Artificial intelligence begins to demonstrate the potential to revolutionize aviation
By William C. Johnson|December 2023
The Human-Machine Teaming Technical Committee fosters the development of methodologies and technologies that enable safe, trusted and effective integration of humans and complex machines in aerospace and related domains.
Although academics and researchers have studied artificial intelligence for decades, this year saw AI enter our collective consciousness through tools for generating art, music and video, the ubiquitous discussions on chatbots, and the ethics of using AI to perform human tasks. As a result of revolutionary advances this year, several commercial sectors, including the aviation industry, chose to embrace AI through investment and broader collaboration.
In February, NASA’s Goddard Space Flight Center in Maryland announced the development of a new engineering design process that incorporates generative AI into traditional computer-aided design, CAD, modeling to produce new “evolved structures” that adhere to design requirements provided by an engineer. Engineers can iterate on the designs as the human-machine teaming interfaces continue to mature, and then these models can be additively manufactured for use in NASA missions. This is particularly useful for optimization of mission parameters where a nontraditional shape might provide a novel solution that would not have appeared through conventional design templates.
There was increased interest by aviation regulators and airworthiness authorities for the safety assurance of AI in aircraft. Researchers have worked for years on novel AI-enabled applications for aircraft, but providing safety assurance for these new tools has been a challenge, particularly for human-machine teaming systems. Federal agencies are sharing best practices for safety assurance of AI elements on their own aircraft and looking for ways to adapt aviation standards to support the entire aviation community.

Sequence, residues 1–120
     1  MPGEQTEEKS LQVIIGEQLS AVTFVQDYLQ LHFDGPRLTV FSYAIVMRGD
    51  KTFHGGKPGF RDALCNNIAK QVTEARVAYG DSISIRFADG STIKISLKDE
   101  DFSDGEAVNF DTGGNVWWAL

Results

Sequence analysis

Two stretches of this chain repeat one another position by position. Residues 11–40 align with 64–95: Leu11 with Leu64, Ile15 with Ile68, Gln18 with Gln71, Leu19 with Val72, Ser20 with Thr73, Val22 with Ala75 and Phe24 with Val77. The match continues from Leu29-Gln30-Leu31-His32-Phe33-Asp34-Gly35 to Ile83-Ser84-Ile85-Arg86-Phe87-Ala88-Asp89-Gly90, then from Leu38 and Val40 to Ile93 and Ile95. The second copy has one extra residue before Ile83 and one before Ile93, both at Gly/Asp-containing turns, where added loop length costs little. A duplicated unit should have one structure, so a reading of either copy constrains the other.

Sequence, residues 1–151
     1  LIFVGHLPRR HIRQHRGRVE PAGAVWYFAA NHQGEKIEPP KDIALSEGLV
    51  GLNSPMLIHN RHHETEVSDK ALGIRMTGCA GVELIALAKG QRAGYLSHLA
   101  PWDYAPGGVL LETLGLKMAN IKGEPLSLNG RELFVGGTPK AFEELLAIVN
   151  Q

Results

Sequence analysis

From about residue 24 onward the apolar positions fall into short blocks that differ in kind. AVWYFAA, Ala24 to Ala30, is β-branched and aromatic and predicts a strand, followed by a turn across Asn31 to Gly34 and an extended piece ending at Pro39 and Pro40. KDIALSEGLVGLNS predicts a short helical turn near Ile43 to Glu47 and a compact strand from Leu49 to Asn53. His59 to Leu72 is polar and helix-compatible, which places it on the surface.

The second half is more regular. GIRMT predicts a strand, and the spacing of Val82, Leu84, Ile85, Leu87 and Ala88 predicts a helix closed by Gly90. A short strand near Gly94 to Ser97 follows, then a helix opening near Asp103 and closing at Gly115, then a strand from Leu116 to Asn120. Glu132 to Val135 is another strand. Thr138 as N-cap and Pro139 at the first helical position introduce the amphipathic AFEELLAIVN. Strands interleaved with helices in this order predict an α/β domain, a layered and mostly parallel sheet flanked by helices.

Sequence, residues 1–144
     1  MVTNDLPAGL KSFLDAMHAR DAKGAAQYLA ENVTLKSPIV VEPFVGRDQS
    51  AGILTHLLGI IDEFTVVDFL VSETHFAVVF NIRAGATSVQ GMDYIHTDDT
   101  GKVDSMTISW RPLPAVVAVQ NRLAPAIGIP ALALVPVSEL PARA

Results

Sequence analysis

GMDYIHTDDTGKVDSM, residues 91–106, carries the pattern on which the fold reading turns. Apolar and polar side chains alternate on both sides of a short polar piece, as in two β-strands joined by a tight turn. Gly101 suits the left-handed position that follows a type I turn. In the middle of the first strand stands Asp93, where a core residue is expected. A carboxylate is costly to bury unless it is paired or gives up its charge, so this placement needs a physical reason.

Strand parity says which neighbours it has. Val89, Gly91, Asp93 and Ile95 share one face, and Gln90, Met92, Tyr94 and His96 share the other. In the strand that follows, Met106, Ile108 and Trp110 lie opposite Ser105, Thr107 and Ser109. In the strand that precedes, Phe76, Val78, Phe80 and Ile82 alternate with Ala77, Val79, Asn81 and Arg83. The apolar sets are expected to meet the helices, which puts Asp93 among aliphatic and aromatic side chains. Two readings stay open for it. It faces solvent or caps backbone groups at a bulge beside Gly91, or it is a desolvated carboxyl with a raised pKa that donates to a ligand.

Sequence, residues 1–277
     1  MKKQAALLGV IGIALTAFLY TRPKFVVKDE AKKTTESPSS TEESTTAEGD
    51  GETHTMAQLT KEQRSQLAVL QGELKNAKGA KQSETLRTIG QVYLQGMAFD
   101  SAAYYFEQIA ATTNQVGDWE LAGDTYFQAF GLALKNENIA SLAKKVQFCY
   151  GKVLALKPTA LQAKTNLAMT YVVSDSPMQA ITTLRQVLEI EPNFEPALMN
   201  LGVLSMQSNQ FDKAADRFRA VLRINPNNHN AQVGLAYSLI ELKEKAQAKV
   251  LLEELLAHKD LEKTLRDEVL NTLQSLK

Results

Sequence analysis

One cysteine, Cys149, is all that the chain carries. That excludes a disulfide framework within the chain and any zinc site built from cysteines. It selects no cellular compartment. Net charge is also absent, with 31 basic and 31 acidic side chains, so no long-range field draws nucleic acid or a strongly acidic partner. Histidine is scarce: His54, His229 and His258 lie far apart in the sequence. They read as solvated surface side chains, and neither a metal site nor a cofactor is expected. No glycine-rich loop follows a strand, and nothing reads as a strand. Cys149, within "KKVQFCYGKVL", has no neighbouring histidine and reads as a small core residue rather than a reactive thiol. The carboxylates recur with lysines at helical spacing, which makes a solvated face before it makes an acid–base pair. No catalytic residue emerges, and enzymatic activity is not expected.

In May, the European Aviation Safety Agency published its “EASA Artificial Intelligence Roadmap 2.0 — Human-Centric Approach to AI in Aviation,” a key reference for providing context on key AI-related considerations as the aviation community learns more about the potential of new human-machine teaming tools. Standards development organizations such as SAE International of Pennsylvania, the European Organization for Civil Aviation Equipment, ASTM International of Pennsylvania and RTCA of Washington, D.C., are active in this domain and sometimes coordinate with one another for AI standards in aviation.
At the Connected Aviation Intelligence Summit in September, Tassio Carvalho, the American Airlines senior manager for AI/machine learning, declared that “AI will be everywhere” and said that American Airlines is looking at ways to use AI to support its operations. At the summit, many of the potential applications of AI-enabled technologies focused on using AI as an assistive technology to support the humans in the systems.
In February, DARPA kicked off its AI Forward program to focus on bringing government, industry and academia together to explore new directions for AI research for national security. Human-machine teaming is one of the key research areas within the program that will be essential to creating trustworthy systems.